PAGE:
Hope.

Hope is the thing with feathers
That perches in the soul,
And sings the tune — without the words,
And never stops at all,

And sweetest in the gale is heard;
And sore must be the storm
That could abash the little bird
That kept so many warm.

I ’ve heard it in the chillest land,
And on the strangest sea;
Yet, never, in extremity,
It asked a crumb of me.

– Emily Dickinson


metaphor
met·a·phor  \ˈmɛtəfə\

From Latin metaphora /  from Greek metaphora.
A transfer, especially of the sense of one word to a different word,
lit. “a carrying over”,  from metapherein  “transfer, carry over,”
from meta–  “over, across”+ pherein  “to carry, bear”.

 The use of a word or phrase to refer to something that it isn’t,
invoking a direct similarity between the word or phrase used and the thing described,
but in the case of English without the words like or as,
which would imply a -> simile.

The truth is the thing I invented so I could live.

“He learned to live with the truth. Not to accept it, but to live with it. It was like living with an elephant. His room was tiny, and every morning he had  to squeeze around the truth just to get to the bathroom.  To reach the armoire to get a pair of underpants he had to crawl under the truth, praying it wouldn’t choose that moment to sit on his face.”

The History of Love – Nicole Krauss

 

“Aprendió a vivir con la verdad. No a aceptarla, sino a vivir con ella. Era como vivir con un elefante. Pero su habitación era muy pequeña, y cada mañana tenía que batallar para abrirse paso hasta el cuarto de baño. Si quería sacar unos calzoncillos del armario, había de arrastrarse por debajo de la verdad, rezando para que a ella no se le ocurriera sentarse en aquel momento.”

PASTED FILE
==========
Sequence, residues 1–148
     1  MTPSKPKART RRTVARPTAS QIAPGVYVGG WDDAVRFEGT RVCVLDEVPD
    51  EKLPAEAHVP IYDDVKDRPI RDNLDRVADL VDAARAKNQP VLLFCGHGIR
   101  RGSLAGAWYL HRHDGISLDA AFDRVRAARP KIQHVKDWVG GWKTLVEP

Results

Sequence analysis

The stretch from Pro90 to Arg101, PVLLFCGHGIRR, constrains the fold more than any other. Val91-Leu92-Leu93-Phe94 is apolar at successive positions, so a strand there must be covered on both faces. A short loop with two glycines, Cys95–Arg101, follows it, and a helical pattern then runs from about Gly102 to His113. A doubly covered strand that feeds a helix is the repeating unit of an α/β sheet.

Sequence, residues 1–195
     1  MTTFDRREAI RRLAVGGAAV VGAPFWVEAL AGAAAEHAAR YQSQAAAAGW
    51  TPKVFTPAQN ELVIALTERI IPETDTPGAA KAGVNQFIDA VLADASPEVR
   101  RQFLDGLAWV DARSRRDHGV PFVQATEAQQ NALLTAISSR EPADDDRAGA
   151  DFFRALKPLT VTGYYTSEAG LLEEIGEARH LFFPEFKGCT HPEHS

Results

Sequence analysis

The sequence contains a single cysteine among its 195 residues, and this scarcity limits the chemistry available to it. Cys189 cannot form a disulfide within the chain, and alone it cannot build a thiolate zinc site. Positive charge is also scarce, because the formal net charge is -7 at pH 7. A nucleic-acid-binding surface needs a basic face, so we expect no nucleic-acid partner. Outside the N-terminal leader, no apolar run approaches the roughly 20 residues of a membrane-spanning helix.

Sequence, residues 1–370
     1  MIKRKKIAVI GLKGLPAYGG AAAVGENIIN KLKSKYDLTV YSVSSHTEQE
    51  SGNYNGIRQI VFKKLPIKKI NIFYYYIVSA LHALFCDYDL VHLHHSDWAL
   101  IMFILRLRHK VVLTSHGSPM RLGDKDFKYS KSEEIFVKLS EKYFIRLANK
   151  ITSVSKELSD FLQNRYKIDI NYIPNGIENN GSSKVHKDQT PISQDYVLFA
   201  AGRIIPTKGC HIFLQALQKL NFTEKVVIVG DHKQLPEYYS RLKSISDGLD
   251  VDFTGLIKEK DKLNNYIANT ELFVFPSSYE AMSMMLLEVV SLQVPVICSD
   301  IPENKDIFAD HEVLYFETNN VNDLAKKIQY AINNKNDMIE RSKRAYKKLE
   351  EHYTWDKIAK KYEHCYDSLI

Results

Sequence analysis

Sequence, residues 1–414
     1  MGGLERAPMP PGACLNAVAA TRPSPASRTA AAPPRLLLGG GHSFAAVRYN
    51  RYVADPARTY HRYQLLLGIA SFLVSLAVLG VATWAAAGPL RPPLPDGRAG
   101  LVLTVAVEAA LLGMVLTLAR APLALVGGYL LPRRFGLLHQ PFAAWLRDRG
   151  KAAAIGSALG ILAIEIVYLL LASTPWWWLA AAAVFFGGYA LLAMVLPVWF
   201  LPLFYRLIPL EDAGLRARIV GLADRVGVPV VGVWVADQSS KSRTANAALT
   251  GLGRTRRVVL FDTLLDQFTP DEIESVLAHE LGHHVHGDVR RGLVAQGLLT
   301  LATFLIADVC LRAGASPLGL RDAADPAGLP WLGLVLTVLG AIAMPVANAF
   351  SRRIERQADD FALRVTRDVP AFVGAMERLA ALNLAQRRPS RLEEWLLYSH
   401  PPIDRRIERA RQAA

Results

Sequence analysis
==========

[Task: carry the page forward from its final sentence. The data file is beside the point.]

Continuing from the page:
La Historia del Amor – Nicole Krauss


simile
sim·i·le   \ˈsi-mə-(ˌ)lē\

from Latin simile (“comparison, likeness”, “parallel”),
originally from simile the neuter form of similis (“like, similar, resembling”).

A figure of speech in which one thing is compared to another,
in the case of English generally using like or as.

–Carajos–, suspiró. — ¡Cómo voy a salir de este laberinto!–

“You spend your whole life stuck in the labyrinth, thinking about how you’ll escape it one day, and how awesome it will be, and imagining that future keeps you going, but you never do it. You just use the future to escape the present.”

Looking for Alaska – John Green

I love to read books that refer you to
another book and to another and to another….

(In this case: El general en su laberinto – Gabriel García Márquez)

Lost in translation.

picture found @ weheartit


sau·da·de
do latim solitas, solitatis

memória ou recordação de pessoas, familiares ou objetos lembrança de pessoas ou coisas distantes ou não mais existentes

In my opinion, the best thing about being multilingual is that it enables you to express concepts, or in this case a feeling, that you (I) didn’t even know you (I) were (was) actually feeling before you (I) had a word for it.